Good luck on your climate missions, fellow activists! Green Rising is about politics, standing up for what you believe in and taking direct action. But remember: no amount of careful consumption can fix an industry-wide problem. The carbon emissions responsible for climate change are largely caused by industry, and can only be reduced through government action. This fight has to start with policy changes, immediately. So the most important thing you can do is vote, and make sure you know where your money is going – at every level. While magic is fantastical, the ability of humans to fix the climate emergency is not. I believe we can make a difference: and I’m excited to see how you go about it.


You can find out more about Green Rising here.

Lauren James is the twice Carnegie-nominated British author of many Young Adult novels, including Green Rising, The Reckless Afterlife of Harriet Stoker and The Loneliest Girl in the Universe. She is also a Creative Writing lecturer, freelance editor, screenwriter. Lauren is the founder of the Climate Fiction Writers League, and on the board of the Authors & Illustrators Sustainability Working Group through the Society of Authors.

Her books have sold over a hundred thousand copies worldwide, been translated into six languages. The Quiet at the End of the World was shortlisted for the YA Book Prize and STEAM Children’s Book Award. She was born in 1992, and has a Masters degree from the University of Nottingham, where she studied Chemistry and Physics.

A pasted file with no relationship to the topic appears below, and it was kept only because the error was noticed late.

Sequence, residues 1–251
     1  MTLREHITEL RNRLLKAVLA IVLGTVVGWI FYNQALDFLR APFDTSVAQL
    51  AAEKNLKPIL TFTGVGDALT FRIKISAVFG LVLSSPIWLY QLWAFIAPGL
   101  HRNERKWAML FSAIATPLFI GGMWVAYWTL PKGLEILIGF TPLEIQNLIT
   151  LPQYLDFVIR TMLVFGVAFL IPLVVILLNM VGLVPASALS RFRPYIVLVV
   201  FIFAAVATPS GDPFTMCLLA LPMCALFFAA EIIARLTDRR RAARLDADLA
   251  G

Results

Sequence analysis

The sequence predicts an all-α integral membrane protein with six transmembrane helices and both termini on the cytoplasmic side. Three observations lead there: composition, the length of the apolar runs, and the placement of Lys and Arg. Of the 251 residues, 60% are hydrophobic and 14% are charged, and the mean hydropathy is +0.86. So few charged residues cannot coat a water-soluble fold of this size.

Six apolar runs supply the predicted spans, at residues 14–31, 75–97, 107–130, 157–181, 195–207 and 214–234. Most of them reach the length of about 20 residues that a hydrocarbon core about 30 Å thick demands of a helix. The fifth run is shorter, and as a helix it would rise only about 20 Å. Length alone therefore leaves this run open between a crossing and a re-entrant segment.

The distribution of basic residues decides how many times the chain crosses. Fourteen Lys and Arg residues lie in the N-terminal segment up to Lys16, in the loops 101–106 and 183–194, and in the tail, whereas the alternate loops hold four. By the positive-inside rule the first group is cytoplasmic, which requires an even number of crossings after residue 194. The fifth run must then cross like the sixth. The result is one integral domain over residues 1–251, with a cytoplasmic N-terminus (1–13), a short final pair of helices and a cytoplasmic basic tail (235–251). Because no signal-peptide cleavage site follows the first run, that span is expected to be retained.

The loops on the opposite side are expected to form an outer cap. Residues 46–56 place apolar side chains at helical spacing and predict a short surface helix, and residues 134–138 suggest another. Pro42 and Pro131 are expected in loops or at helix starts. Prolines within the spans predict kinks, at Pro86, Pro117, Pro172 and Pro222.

A coming-of-age David and Goliath story

Jamie Mollart interviews Mark Smith about his new activism YA novel, If Not Us.

If Not Us is a wonderful novel which perfectly tackles the issue of Climate Change within the context of a YA novel. It’s a coming-of-age story combined with a David and Goliath story. Hesse is a 17-year-old surfer in a small town on the coast of Australia. The town is home to both a mine and a power station, with most of the population employed in one or the other. The company which owns them, Hadron, has put the power station up for sale and a group of townspeople, including Hesse’s mum, have mobilised a group to protest the sale and to try and close them both down. Hesse is drawn into speaking at a forum to discuss the potential sale but isn’t ready for how everything is going to change.

I had the pleasure of reading it and Mark was kind enough to answer my questions about the novel.

One of the problems about Climate Change I always think is that it’s too big a problem for us to understand on an individual level, so we can often feel helpless against it. For that reason, did you worry about presenting it to a YA audience or did you see it as an opportunity to reach them at an age where they can be influenced to do good?

Mark: Probably both – it’s such a big issue for adults to get their heads around, let alone a YA audience. That said, the attention being given to the issue at the moment means schools in particular are looking for cli-fi novels that kids will engage with. I think if you wrap any big issue like climate in a page-turning story – and If Not Us is first and foremost a coming-of-age story – teenage readers are quite capable of understanding what is at stake. The Schools Strike for Climate protests have demonstrated they know when they are being ignored or misrepresented. So hopefully this is the right book in the right place at the right time for young people to engage with the issue on a practical level.